It’s about time.


Source: Will County News

DOJ Joins DOE to Redefine Sex and Rewrite Law

Call to Action
DOJ Joins DOE to Redefine Sex and Rewrite Law

DOJ Joins DOE to Redefine Sex and Rewrite Law
Written By Laurie HigginsThe federal government through its highly partisan Department of Justice (DOJ) is attempting to make law—again—by attacking North Carolina’s so-called “bathroom bill.” Last Wednesday, the DOJ sent a letter to NC governor Pat McCrorydemanding that he rescind the law within three working days or face legal action and loss of federal funds.

The DOJ letter erroneously states that the NC law violates Title VII of the Civil Rights Act of 1964 which prohibits discrimination based on sex. In its infinite ignorance and hubris, the DOJ, has proclaimed that the word “sex” includes “gender identity.”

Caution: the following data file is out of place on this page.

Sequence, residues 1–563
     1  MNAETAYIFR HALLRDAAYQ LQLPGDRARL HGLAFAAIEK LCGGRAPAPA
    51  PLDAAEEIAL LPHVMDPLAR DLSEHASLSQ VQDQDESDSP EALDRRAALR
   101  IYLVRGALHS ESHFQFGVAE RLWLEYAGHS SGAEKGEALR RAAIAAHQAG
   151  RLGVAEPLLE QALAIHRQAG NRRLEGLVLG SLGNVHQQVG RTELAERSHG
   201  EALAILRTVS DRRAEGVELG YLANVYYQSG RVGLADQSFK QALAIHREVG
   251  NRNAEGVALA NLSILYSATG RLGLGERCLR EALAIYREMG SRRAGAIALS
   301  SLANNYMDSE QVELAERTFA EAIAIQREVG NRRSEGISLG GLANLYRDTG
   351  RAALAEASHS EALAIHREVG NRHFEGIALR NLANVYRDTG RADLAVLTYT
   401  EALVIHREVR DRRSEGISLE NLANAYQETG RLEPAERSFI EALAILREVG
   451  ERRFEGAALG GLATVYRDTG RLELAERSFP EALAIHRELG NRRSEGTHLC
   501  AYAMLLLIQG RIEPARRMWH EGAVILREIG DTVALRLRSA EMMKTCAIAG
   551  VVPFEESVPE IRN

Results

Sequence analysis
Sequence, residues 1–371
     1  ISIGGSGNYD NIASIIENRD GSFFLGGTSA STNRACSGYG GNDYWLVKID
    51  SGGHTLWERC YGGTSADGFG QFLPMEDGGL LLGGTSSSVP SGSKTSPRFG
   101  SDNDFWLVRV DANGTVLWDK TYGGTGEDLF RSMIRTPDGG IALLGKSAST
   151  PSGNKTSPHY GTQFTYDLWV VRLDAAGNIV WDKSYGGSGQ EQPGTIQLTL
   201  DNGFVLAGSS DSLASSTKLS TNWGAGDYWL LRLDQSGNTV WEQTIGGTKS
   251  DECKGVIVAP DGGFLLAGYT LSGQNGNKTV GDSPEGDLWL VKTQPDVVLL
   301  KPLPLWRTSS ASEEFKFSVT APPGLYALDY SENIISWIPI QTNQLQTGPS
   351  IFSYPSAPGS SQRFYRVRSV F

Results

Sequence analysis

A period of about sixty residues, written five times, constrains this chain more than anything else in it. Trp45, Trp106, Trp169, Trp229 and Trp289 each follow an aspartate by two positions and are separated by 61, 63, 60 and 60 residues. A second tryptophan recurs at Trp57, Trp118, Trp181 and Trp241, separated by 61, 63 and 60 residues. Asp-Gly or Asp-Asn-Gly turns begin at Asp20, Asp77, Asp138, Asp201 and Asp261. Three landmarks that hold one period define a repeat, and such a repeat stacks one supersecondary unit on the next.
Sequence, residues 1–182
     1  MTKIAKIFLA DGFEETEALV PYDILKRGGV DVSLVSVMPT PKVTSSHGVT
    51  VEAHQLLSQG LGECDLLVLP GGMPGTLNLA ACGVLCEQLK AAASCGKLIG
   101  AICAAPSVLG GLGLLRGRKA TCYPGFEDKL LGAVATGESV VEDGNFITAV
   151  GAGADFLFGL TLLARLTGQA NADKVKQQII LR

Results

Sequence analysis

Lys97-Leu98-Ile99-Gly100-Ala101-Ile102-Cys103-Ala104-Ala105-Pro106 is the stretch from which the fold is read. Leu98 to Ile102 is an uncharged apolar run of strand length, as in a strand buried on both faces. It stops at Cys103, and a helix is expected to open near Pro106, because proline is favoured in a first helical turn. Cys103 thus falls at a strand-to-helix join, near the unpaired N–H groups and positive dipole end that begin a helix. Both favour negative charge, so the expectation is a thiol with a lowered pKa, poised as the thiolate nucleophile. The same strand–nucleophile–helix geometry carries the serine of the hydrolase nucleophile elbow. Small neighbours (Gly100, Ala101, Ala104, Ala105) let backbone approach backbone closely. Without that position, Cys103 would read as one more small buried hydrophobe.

By attacking North Carolina’s law that requires restrooms in government buildings, state colleges and universities, and highway rest stops to correspond to sex and which does not apply to any private sector entity, the DOJ seeks to make law for the entire country.

This is the same stratagem the Department of Education (DOE) is using to blackmail public schools into allowing gender-dysphoric students into opposite-sex restrooms and locker rooms. While the DOJ is using the Civil Rights Act of 1964, the DOE is using Title IX of the Education Amendments of 1972. Both departments—neither of which have law-making authority—have unilaterally redefined the word “sex” in such a way as to make law.